Take Two®

News and culture through the lens of Southern California. Hosted by A Martínez

FLOTUS in China: Promoting education, addressing freedom of expression

by Take Two®

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Michelle Obama addressed a room full of local politicians, press and community members in support of the FreshWorks program. The first lady is currently in China, where her style is generating buzz. Hayley Fox/KPCC

First lady, Michelle Obama is currently visiting China with her daughters, Sasha and Malia and her mother, Marian Robinson.

The trip marks the first ever made by a first lady to China without her husband in tow.

Mrs. Obama is there to promote educational exchanges between the U.S. and China but she has also subtly been addressing the issue of freedom of expression.

For a look at the substance of the first lady's trip, Laurie Burkitt, a reporter in the Beijing bureau of the Wall Street Journal, joined Take Two. 


What has the first lady been doing?

On Friday she visited with China’s first lady and visited schools together and she played pingpong, which she’s not too shabby at. Then she saw some robots. She also went to the forbidden city and then had a special performance. The Chinese side wouldn’t say what that was and the American side wouldn’t either but I’ll have you know that the Chinese first lady happens to sing so we’re wondering if maybe she didn’t give that performance herself.

Can you talk about the reception of her education talks?

They’ve latched onto that because it’s a pretty safe issue. They know they need to beef up innovation and give full access to rural and urban citizens so everyone can have education.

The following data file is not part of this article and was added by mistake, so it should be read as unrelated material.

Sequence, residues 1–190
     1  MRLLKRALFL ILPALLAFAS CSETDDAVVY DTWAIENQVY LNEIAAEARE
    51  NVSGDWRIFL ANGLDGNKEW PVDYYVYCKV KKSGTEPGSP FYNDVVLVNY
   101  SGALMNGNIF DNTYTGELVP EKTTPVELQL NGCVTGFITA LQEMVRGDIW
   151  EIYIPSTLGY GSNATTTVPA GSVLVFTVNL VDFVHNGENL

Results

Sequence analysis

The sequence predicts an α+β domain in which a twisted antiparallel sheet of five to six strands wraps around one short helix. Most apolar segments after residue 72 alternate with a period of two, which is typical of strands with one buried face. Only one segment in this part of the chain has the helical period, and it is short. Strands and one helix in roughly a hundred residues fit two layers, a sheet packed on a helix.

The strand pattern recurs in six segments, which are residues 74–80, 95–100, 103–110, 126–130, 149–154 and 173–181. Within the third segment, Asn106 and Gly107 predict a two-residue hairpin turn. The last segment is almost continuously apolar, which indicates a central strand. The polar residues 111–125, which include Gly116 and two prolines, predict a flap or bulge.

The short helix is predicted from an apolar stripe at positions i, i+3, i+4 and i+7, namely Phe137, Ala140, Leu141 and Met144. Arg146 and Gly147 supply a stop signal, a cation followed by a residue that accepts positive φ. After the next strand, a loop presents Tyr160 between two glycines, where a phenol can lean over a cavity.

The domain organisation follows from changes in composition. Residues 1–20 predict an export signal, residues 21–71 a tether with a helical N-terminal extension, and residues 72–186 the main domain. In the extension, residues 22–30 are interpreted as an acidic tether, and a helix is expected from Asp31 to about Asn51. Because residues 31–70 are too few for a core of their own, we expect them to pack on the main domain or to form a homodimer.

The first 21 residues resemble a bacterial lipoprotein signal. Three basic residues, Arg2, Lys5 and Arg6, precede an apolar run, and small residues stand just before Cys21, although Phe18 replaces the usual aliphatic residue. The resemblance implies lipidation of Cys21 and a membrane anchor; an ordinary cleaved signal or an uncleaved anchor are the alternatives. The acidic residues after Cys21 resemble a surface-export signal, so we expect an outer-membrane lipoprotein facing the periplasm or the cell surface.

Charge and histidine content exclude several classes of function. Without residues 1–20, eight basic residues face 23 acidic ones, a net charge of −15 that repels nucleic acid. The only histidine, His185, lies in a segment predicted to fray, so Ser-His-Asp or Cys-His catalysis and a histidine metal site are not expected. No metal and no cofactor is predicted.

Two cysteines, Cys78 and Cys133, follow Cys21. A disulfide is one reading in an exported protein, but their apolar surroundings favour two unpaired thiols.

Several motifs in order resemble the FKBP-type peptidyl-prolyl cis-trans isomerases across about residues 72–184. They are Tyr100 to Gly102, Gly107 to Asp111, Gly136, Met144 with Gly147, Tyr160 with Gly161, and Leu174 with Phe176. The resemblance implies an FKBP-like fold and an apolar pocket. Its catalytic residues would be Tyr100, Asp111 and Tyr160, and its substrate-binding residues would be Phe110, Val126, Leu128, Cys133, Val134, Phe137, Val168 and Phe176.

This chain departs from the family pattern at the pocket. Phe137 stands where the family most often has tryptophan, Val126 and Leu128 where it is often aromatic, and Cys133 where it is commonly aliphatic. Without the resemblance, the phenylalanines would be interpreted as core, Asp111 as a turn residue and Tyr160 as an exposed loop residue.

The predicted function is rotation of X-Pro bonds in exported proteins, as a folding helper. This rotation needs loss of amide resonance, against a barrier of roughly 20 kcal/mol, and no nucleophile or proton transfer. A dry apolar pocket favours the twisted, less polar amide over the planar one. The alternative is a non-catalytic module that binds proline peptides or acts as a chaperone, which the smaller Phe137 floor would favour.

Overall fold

She apparently indirectly criticized China for severe restrictions in the media. Can you tell us what she said, how she said it and what the reaction has been?

She was giving a speech to Stanford University at Peking, one of China’s biggest and most important universities. She talked about the importance of overseas education to broaden the horizon of each individual and mixed in between that she mentioned freedom of speech and access to information. She used pretty strong language. She said something like, ‘Countries are stronger and more prosperous when everyone can be heard.’ She mentioned her own experience and said, ‘My husband and I are on the receiving end of a lot of criticism but we really wouldn’t trade it in for the world.’

Later this week she will be eating a Tibetan lunch in China. Can you explain the significance of this?

Tibetan food is not the world’s greatest, it’s mostly yak meat. So the reason to eat it would be to open discussion about a region of China that has really been fighting for independence. And President Obama recently met with the Dalai Lama, the religious leader who now lives in India and he’s not allowed to go back. It’s definitely contentious. 

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